The record discloses that prior to the marriage it was suggested by the defendant that it would be advisable for plaintiff to have the farm property placed in joint tenancy. Shortly after they reached Long Beach the defendant took the deed to an attorney and within a short time thereafter the attorney called the plaintiff and she and the defendant's mother went to the attorney's office where the plaintiff executed a deed whereby the farm property was held in joint tenancy by both of them. It was further shown that at the suggestion of the defendant the plaintiff wrote letters to both of the Knoxville banks in which she had accounts directing that the defendant's name be added to the account. It would appear that the defendant advised his wife that he would take care of the money and that she was hesitant to write any checks. It would also appear that she wrote no checks on either of the accounts in the Knoxville banks until after she left the defendant on November 2, 1950. It should be stated, however, that the defendant added the plaintiff's name and that of his mother to his account in a Long Beach bank. However, the plaintiff was not given a check book which would enable her to write checks on this account. It is shown that at the defendant's suggestions the bonds were changed and new bonds were issued with both of them named as payees. These new bonds were put in defendant's bank box in a Long Beach bank.

*194 The defendant's home in or near Long Beach was sold, along with its furnishings, in August, 1950 and the defendant and his wife and defendant's mother then returned to Knoxville. Shortly after returning to Knoxville the plaintiff, defendant and his mother went to Michigan and bought a new Dodge car and a house trailer. The new car was registered in defendant's name and may have been paid for with his own funds. The trailer was registered in the defendant's name and checks in the total amount of $2,895.52 were written by him on a Knoxville bank account of his wife in payment thereof. There is no showing that any of the defendant's money had gone into the purchase of the trailer. After the purchase of the car and trailer in September, 1950 the plaintiff and defendant, along with the defendant's mother, went to Knoxville where they stayed approximately a month and then went to Palm Springs, California. After they had been in Palm Springs less than a week the plaintiff left the defendant on December 2, 1950 and came back to Iowa, and she did not see him again until the time of the trial in October, 1951. The record shows that at that time the defendant was 54 years of age.

There has been an extensive record presented to us, a portion of which has been heretofore summarized. There is evidence that the plaintiff was affected by the domination of the defendant over her in connection with both her financial and her social activities and, under the circumstances, she was unable to have much, if any, control over her finances. It was apparent that the defendant's mother was with the plaintiff and defendant almost all the time. There is considerable evidence that the plaintiff and his mother were not refined in their language and conduct and told stories of a lewd and salacious character that were embarrassing to the plaintiff. Objections were made to portions of the testimony so describing the stories and actions of the defendant and his mother. It is claimed that the statements of the witnesses were mere conclusions. Fortunately the record does not disclose the stories told, but there is sufficient corroborated testimony showing the nature of some of them and also the conduct of the defendant and his mother. The defendant, as a witness in his own behalf, admitted that some of the stories told in the presence of guests "might border on the risque."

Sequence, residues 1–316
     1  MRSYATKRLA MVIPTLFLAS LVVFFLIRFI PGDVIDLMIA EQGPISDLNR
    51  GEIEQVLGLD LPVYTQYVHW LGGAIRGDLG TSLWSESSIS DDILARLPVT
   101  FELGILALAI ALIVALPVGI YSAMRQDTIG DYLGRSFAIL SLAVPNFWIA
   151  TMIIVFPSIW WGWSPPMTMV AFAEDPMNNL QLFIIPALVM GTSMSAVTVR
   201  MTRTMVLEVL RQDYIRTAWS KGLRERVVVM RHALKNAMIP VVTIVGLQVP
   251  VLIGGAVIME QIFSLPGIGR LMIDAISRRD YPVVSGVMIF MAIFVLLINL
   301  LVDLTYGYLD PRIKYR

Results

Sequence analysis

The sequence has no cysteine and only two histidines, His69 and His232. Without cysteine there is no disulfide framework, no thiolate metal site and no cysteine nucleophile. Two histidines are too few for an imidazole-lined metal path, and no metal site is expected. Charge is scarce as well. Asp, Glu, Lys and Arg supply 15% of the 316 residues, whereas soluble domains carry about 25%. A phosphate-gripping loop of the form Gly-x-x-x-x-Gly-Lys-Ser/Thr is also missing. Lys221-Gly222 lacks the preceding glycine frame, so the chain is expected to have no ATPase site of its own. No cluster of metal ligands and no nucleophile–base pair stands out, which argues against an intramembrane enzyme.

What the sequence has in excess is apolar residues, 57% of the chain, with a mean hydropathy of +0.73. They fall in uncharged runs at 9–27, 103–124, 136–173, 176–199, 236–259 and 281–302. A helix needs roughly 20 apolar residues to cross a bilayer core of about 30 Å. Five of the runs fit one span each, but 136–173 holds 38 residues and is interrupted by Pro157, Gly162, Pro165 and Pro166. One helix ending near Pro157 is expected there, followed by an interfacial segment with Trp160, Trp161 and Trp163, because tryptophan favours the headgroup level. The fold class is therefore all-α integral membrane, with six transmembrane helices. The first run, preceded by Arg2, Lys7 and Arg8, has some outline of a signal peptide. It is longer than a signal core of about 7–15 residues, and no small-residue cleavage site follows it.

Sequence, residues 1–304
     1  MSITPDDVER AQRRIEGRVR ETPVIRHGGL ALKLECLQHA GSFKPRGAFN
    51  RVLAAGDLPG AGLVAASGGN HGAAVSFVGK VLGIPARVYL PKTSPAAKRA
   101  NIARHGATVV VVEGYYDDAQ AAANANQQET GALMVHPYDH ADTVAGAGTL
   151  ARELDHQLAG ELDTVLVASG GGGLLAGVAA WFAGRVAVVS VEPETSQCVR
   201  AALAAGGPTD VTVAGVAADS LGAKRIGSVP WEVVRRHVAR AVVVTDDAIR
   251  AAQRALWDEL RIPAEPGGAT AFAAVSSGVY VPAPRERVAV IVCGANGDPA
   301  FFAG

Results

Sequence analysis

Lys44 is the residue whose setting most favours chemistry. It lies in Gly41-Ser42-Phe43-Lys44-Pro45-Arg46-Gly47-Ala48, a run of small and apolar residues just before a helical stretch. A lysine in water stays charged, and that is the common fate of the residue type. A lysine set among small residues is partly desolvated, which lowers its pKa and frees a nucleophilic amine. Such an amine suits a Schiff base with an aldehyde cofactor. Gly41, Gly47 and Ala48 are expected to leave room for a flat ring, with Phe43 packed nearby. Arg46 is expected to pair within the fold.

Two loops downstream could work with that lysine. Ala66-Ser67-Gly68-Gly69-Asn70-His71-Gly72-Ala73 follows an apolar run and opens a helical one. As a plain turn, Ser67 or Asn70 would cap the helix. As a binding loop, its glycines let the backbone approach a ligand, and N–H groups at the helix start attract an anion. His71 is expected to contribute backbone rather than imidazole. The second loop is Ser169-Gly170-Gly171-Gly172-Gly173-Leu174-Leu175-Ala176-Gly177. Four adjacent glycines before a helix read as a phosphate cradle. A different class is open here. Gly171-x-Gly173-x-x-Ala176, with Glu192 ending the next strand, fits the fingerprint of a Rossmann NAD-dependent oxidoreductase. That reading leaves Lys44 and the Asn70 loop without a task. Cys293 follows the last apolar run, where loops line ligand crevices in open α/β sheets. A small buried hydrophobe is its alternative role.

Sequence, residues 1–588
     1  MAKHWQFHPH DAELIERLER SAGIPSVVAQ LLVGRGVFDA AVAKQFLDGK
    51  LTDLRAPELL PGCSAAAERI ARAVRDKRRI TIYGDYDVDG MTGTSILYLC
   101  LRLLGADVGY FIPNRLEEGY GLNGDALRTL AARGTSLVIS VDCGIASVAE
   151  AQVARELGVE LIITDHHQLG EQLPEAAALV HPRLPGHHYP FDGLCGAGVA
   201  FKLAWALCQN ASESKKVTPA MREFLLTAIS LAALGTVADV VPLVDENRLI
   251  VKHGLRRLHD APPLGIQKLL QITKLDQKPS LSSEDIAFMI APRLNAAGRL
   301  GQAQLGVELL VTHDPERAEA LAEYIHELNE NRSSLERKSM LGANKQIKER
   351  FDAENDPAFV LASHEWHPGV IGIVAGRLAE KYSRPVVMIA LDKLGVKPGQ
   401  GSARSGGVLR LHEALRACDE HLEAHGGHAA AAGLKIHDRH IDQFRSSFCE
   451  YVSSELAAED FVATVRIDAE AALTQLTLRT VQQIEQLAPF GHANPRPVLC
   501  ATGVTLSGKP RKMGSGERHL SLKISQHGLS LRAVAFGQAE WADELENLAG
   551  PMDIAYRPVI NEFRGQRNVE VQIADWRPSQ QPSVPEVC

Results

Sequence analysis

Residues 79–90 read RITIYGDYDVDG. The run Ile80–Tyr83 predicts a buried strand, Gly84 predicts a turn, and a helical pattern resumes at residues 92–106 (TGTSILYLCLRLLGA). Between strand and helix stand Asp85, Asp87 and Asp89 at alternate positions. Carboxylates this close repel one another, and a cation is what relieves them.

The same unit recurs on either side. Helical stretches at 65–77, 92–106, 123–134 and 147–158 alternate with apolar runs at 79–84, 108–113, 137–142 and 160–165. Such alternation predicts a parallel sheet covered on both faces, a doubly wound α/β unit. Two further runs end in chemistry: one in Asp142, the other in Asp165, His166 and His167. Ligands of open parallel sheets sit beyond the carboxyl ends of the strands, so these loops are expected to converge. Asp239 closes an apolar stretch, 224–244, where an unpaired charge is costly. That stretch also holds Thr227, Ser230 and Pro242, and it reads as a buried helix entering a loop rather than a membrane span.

There was testimony presented by a physician in Knoxville who had attended the plaintiff prior to her marriage to the defendant and who observed and treated the plaintiff after she had left the defendant at Long Beach, California, and returned to Knoxville. This doctor testified that when the plaintiff and defendant returned to Knoxville about May 15 or 16 (1950) her physical condition and mental attitude seemed to be normal. On a later occasion in September and October the physician further examined the plaintiff and he testified that at that time the plaintiff seemed to be in a state of depression and that she seemed to have changed and didn't talk much. He further testified that he did not talk to her privately as both the defendant and his mother were present at the time of his examination. On a later occasion following the plaintiff's return to Knoxville and after her separation from her husband she was again under his care and observation, and he states that at that time she had devoloped a further nervous condition. He testified that she seemed to be nervous and jerky and that he had her remain at the hospital as a bed patient for three or four days. On subsequent occasions he observed and examined the plaintiff and concerning these times he states she seemed to be more like she formerly had been. He further stated that she seemed to have recovered from the depressed state she had been in when he saw her in September and October of 1950.